Biden has also pledged to rejoin the Paris Agreement and rescind the Keystone XL pipeline permit on day one of his presidency, which have been long-standing demands of activists.
However, many remain sceptical that bold climate legislation will be able to pass through a narrow Senate majority as long as more conservative and fossil fuel-linked Democrats, such as West Virginia Senator Joe Manchin, remain in power.
“I think his [Biden’s] policy platform is decent. It’s not enough, but it’s better than what we’ve had in the past,” said Tomaso, another canvasser from California I met in Savannah, Georgia, ahead of the Senate run-off elections.
“With only 50 votes, and [Joe Manchin] representing West Virginia, we're not likely to get anything through the Senate that will actually improve people's lives and air quality and stop this inter-generational genocide,” Tomaso explained.
As well as the environment, universal healthcare remains firmly on the agenda.
More than half of all voters support universal healthcare in the US, which has become even more popular since 15 million Americans lost their employer-based health insurance over the course of the pandemic.
Biden’s healthcare plan includes building on Obama’s Affordable Care Act, and passing a so-called ‘public option’, which would establish a federally administered health insurance plan available for purchase. His campaign states that this would extend healthcare coverage to 97% of Americans. But Biden has been a vocal opponent of Medicare for All – a solution which has been championed by progressive Democrats.
Many activists and politicians would like to see the administration go much further. As the incoming chair of the Senate Budget Committee, Bernie Sanders is seeking to pass a temporary emergency universal healthcare program for the duration of the pandemic. If implemented, Sanders’ plan would expand free coverage to all Americans, which would likely further embolden demands for Medicare for All.
Racial justice is another key issue for many campaigners, with the Black Lives Matter movement last year amplified by the police killings of George Floyd and Breonna Taylor.
Throughout the election campaign, Biden pledged to “deal with systemic racism” and “advance racial equity across the American economy”. But many activists I met had their doubts.
"I do not like him at all, or Kamala Harris," said Milly Martin, a Black Lives Matter activist in Louisville who cited her dissatisfaction with the new vice-president's criminal justice record. Martin has been demanding justice for Breonna Taylor for nearly a year. “This election leaves us really shaken up, and really dry.”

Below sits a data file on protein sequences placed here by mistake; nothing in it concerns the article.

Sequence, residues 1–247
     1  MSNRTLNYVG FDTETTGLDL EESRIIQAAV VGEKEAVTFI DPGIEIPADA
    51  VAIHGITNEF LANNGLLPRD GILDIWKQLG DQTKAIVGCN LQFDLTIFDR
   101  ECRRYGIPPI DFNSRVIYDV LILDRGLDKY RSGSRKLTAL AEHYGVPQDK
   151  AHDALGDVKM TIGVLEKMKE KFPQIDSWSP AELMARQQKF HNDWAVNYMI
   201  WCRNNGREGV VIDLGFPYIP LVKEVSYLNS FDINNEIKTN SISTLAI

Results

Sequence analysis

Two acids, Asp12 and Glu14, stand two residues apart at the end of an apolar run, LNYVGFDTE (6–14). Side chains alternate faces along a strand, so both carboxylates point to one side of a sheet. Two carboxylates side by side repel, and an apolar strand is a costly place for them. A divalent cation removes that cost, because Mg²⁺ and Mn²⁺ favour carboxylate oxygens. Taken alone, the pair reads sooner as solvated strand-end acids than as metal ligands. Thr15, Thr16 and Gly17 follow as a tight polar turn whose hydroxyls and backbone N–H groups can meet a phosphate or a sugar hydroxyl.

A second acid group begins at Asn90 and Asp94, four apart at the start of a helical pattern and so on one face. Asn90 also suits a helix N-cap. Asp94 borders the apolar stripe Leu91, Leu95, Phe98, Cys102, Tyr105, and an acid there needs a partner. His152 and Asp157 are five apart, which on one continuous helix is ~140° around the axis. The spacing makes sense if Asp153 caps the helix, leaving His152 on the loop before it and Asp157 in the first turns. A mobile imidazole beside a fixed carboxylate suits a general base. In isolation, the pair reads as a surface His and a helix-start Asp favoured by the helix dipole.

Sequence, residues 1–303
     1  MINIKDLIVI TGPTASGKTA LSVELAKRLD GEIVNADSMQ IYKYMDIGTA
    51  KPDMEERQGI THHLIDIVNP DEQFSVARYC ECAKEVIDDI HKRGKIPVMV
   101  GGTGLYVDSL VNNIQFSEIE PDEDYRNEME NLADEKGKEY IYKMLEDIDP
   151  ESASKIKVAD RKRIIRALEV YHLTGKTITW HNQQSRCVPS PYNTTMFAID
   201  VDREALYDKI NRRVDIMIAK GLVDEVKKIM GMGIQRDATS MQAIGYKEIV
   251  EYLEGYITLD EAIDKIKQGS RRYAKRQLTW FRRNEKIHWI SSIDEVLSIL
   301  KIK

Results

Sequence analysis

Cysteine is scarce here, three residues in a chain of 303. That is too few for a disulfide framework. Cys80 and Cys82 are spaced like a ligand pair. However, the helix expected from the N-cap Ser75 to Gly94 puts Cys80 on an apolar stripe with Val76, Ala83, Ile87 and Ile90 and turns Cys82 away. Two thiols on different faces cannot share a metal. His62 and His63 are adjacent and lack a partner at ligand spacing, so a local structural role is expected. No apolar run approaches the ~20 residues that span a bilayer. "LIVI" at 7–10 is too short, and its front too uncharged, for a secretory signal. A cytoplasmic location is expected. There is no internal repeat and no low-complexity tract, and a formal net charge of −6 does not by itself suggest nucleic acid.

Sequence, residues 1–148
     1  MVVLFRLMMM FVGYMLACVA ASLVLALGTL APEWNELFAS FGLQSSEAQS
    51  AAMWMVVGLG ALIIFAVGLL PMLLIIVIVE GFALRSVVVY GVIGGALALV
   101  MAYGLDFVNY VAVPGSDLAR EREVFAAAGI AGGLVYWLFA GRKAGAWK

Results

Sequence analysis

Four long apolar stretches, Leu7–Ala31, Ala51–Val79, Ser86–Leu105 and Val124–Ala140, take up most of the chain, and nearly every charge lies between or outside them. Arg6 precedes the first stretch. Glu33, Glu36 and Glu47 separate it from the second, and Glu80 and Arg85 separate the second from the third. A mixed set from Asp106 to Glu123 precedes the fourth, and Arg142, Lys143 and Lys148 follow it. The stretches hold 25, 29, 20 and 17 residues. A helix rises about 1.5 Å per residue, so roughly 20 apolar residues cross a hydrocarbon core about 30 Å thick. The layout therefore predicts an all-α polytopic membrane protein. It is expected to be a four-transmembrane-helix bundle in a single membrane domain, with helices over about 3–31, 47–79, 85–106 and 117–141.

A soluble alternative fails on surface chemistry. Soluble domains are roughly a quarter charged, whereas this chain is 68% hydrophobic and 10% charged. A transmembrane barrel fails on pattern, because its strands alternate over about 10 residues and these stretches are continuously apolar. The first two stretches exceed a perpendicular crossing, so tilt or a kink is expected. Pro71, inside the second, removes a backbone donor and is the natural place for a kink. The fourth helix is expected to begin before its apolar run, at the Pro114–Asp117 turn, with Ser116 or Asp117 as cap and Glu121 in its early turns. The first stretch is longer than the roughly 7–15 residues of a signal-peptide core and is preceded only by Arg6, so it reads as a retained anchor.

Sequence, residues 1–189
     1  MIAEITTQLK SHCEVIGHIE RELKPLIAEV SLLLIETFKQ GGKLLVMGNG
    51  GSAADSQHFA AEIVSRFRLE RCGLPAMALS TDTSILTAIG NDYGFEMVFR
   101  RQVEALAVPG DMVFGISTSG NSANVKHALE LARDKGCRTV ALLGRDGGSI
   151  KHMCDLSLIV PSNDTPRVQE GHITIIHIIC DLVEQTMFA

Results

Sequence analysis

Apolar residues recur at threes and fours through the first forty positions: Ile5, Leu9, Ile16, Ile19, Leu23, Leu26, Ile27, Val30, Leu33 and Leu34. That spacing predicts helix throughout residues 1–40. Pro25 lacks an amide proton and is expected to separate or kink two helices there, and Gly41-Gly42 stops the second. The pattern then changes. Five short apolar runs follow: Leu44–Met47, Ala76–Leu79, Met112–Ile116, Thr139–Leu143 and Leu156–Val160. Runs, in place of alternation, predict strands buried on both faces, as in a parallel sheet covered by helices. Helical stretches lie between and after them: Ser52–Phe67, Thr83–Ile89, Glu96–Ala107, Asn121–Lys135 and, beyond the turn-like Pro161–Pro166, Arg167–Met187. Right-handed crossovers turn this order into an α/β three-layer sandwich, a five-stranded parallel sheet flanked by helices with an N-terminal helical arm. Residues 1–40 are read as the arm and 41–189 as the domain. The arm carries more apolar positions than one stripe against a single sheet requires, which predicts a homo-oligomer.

Her sentiment was shared by many activists I met in Louisville right before the general election.
“Joe Biden wreaked havoc on Black families when he not only helped write and advocated for but also helped pass the 1994 Crime Bill”, Jecorey Arthur, the youngest member ever elected to the Louisville City Council, said on one of our podcasts.
“There are more black men today in prison in this country than there are women in prison on the entire planet. And that is in part to Joe Biden's work on that crime bill. So I will never forgive him for that.”
Arthur’s primary political demand is reparations: “[They] are the only factor when it comes to really closing the wealth gap that we have been on the bottom of since our existence here.”
Whilst neither Biden nor the party leadership have endorsed reparations, many progressive activists and newly elected members of Congress, such as former Bronx middle school principal Jamaal Bowman and St. Louis Black Lives Matter activist Cori Bush, ran on a bold reparative platform.
Bowman explicitly set out a Reconstruction Agenda, which seeks to establish a National Truth and Reconciliation Commission, dismantling the prison-industrial complex, defined by the Atlantic as "a set of bureaucratic, political, and economic interests that encourage increased spending on imprisonment", and investing in universal social welfare programs.
And just last week Representative Sheila Lee, joined by 173 co-sponsors, reintroduced bill H.R. 40 to the House of Representatives to establish a commission to examine the legacy of slavery and discrimination since 1619 and develop reparation proposals.
Supporting this legislation would provide an early opportunity for Biden to demonstrate a commitment to addressing the legacy of systemic racism in the US.
But for Martin, the struggle will continue no matter who is in the White House: “My generation has been waiting on this movement our whole lives. We knew it was coming. We also knew that we were going to be the ones to actually make that change that needed to be made. We are working together not only for justice for Breonna Taylor but fighting for all the injustices.”
Passing the baton to the next generation
For Biden, finally becoming president marks the culmination of a long-held dream. First elected to the Senate in 1973, the now 78-year-old must simultaneously help the country in its immediacy while trying to inspire those who dream of a brighter future.
At the centre of that future are some of the 75,000 new voters who registered ahead of the Georgia run-offs, more than half of whom were under the age of 35. This followed a national trend, with the turnout for people aged 18-29 ten points higher in the 2020 general election than in 2016.
“Here in Georgia, there have been real initiatives to have sit-down conversations with young people, which helps them understand that their voice does matter”, explained Anoa Changa, an Atlanta-based journalist who has been covering voter mobilisation efforts in the South.
“Help people understand that they are valuable, they are part of the process, that what they say and do does matter.”
The challenge now for the Biden administration is to prove to these new voters and organisers that their participation will actually lead to substantive change.